Approximately 25% of coronary arteriovenous fistulas present aneurysmal dilatation; however, spontaneous rupture of the aneurysm is rare. Most coronary arteries branching the feeding arteries demonstrate aneurysmal formation, possibly because of shunt flow.
A 48-year-old woman was referred to our institution for surgical management of ruptured aneurysm of coronary arteriovenous fistula. The aneurysm was located on the left-anterior aspect of the pulmonary artery trunk, communicating with both left and right coronary arteries through two small feeding arteries draining into the pulmonary artery trunk. Both left and right coronary arteries showed normal diameter. The feeding arteries were ligated externally, and fistulous openings were closed within the aneurysm. Postoperative course was uneventful.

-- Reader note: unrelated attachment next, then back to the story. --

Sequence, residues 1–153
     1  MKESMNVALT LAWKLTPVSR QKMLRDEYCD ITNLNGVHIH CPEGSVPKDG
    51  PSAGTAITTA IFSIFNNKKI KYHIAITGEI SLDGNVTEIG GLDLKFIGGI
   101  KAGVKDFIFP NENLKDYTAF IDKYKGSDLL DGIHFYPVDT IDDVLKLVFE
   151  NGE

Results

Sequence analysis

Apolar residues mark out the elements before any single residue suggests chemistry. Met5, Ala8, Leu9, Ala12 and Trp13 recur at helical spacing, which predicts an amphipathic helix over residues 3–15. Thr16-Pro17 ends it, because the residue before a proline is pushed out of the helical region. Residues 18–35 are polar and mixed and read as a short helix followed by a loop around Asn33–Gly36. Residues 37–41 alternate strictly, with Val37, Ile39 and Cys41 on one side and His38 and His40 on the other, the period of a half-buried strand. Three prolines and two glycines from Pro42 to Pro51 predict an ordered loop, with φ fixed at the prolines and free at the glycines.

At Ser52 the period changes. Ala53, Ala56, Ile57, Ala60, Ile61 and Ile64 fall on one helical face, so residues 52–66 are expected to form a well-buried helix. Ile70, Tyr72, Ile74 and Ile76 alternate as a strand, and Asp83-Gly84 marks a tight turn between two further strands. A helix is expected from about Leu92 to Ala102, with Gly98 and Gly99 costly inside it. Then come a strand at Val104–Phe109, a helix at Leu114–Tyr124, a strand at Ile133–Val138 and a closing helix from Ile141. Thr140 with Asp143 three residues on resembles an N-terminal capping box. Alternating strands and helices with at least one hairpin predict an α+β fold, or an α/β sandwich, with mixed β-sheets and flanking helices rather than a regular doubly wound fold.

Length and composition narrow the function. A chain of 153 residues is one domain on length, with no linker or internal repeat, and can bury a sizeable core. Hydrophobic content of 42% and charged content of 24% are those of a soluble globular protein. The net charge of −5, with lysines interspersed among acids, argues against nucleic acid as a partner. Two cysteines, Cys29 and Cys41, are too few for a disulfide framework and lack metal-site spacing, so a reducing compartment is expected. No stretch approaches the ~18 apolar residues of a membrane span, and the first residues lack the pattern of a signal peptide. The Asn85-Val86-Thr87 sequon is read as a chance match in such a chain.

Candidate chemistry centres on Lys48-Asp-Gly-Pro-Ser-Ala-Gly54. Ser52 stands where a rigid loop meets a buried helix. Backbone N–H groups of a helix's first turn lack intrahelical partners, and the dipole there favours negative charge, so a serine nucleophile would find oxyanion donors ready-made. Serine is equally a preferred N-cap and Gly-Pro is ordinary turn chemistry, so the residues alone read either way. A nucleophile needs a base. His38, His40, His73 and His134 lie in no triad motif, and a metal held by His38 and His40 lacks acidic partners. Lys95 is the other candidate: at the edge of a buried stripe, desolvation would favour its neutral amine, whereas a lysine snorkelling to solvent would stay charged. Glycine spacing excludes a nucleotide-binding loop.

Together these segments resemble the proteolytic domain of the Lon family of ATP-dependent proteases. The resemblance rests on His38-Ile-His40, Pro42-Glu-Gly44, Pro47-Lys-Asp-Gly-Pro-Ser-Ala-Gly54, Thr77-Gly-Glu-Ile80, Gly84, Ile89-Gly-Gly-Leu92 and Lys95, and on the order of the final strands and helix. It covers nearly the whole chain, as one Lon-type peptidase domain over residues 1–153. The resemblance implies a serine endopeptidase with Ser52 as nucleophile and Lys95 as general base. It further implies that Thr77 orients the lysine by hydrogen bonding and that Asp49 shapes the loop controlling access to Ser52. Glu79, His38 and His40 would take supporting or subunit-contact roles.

Aneurysm of coronary arteriovenous fistula can occur in patients without aneurysmal coronary artery. Although the association of ruptured aneurysm with coronary fistulas is relatively rare, it should be considered a potential cause of acute cardiac tamponade.

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